Of course all this could have been a pose: Rosa promoting the image of an independently-minded artist, uninterested in money, and painting intellectual subject matter, particularly philosophers who relinquished riches. But could these depictions of philosophers like Crates and Diogenes be seen as figures of classical wisdom, or indications of Rosa’s own attitude towards money and economics? We know that on one occasion Rosa did a drawing of Pittura (Painting) as a beggar out in the streets of Rome. It has been suggested that Painting as a Beggar might not express the subject of painters’ fees, but the ‘low status of painting in Rome’ as written in Rosa’s famous satire La Pittura probably dating from the early 1650s. Yet, the drawing might also be linked with a debate between Rosa and a Florentine servant in which philosophical poverty seems to dislodge economic necessity. In this exchange, the servant conjures up an image of Rosa the mendicant standing at the porch of one of the Holy Churches with his staff and poor box. Here, a link between begging and painting is made, and Rosa seems to be conveying much the same idea in the drawing, save instead of the staff and poor box, Pittura has the maulstick, brushes and palette. Another drawing- in Geneva, shows Rosa’s customary satiric slant on the relationship between painting and riches. Inside the artist’s studio Pittura waves a flag at flies that are infesting Rosa’s canvases, a strange conceit symbolising the neglect of the artist’s work and his genius. Two putti representing aspects of the artist’s genius stand idle in front of brushes, perhaps suggesting the artist’s temporary cessation of painting at the lack of interest in his art. Rosa once said in response to the lack of commissions: “I might as well plant my brushes in the garden.” Later in England, a direct link would be made between the arts and the giving of alms, as in the title illustration to the catalogue of an exhibition of the Society of Great British Artists. Here a winged genius next to an easel hands out coins to a beggar watched by a woman and children signifying charity.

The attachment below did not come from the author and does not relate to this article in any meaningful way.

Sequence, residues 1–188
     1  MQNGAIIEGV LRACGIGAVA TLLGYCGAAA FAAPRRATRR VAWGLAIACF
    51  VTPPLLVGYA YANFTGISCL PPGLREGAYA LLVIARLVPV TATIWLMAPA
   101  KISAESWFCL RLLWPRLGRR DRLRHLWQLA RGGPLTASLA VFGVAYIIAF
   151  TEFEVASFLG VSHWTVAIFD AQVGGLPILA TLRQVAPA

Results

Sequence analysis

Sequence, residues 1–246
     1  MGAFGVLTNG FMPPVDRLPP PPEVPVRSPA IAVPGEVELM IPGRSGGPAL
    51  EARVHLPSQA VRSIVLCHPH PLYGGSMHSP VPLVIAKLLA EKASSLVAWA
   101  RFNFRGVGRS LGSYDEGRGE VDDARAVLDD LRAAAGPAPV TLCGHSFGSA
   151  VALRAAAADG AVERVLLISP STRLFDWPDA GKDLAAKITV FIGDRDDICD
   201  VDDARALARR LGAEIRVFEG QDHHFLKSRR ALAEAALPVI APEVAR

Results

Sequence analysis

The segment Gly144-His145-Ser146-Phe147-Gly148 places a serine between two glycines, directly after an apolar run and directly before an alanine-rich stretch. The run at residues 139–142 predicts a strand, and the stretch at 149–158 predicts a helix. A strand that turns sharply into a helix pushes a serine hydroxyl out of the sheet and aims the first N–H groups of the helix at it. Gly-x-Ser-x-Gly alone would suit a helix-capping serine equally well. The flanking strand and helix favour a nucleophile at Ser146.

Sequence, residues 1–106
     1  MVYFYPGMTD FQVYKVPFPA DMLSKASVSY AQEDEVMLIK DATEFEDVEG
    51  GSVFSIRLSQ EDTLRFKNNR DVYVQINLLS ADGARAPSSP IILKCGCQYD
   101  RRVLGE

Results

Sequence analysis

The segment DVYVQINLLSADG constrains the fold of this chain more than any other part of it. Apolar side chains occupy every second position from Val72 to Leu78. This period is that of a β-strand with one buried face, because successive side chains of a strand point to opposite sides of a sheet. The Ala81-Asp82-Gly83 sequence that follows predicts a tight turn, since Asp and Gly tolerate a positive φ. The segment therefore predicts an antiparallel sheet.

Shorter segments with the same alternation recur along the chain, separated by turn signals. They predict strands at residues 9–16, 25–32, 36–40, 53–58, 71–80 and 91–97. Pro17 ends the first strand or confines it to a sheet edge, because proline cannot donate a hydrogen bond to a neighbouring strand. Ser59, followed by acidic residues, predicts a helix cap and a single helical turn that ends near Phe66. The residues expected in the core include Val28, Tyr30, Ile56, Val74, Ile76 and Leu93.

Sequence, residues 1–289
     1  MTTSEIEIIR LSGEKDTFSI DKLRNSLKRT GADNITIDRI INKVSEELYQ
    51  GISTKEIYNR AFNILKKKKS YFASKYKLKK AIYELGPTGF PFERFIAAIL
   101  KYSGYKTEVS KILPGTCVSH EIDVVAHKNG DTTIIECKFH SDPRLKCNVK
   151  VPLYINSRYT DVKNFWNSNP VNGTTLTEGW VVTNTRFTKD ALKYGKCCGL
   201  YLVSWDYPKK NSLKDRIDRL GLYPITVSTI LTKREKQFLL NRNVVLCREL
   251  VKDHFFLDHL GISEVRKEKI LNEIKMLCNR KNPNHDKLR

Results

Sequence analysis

In his The Artist in the Modern World, Bätschmann discusses Joseph Anton Koch’s The Artist as Hercules at the Crossroads (1791). As the title suggests, this recalls the iconographical convention of showing the strongman at a junction where he can choose the direction of either Vice or Virtue, symbolised by two different female figures, one stern in mien, and one lax in disposition. In 1791- the time this drawing was done- Koch had escaped the Court College of Art in Stuttgart, and this singular image might be connected with that flight. The statuesque figure on the left represents Art-Virtue, and bears the legend “Imitatio’ which makes her a distant cousin of Pittura, who we last saw begging in the streets of 17th century Rome. The other figure, decked out in garish clothing, could not be further removed from the family of Pittura: she is ‘Art the Whore’ who disconcertingly binds Koch with a chain around his ankle. In addition to symbolising the affected manner of the court, this figure, with its grotesquery, mocks the kind of training that the artist received there. As Bätschmann observes, though this image can be located in 18th century debates about virtue, notably Lord Shaftesbury whose political ideas were linked with the iconography of Hercules at the Crossroads, it also concerns artistic freedom. An artist is free to give up the rewards and riches at court; but the consequence of that is that he may find himself on the stony path of poverty. This was a brave move for Koch because he came from humble origins; he started life as a goatherd, and progressed to painting portraits of bishops, and eventually landscapes modelled on Poussin and Claude. Many of Koch’s predecessors trod the safe road of court patronage which brought distinction and monetary success such as Titian whose paint brush was retrieved by no less than the Emperor Charles V himself, although there is no proof of this event. Assuming that Charles visited Titian’s studio, this would indicate painting appreciated by the powerful and influential, and of course wealthy. Although it may be unsafe to generalise, Koch’s rejection of all this courtly favour reflects the fiercely independent attitude of post-renaissance painters in Germany who exchanged the high wages- and associated arrogance- for humility, artistic integrity, and inevitably, poverty. According to Bätschmann, Koch started a trend of artists moving from state service and the academy to the stand-alone studio best exemplified by Asmus Jakob Carstens who stated that he “did not belong to the Berlin Academy, but to mankind.”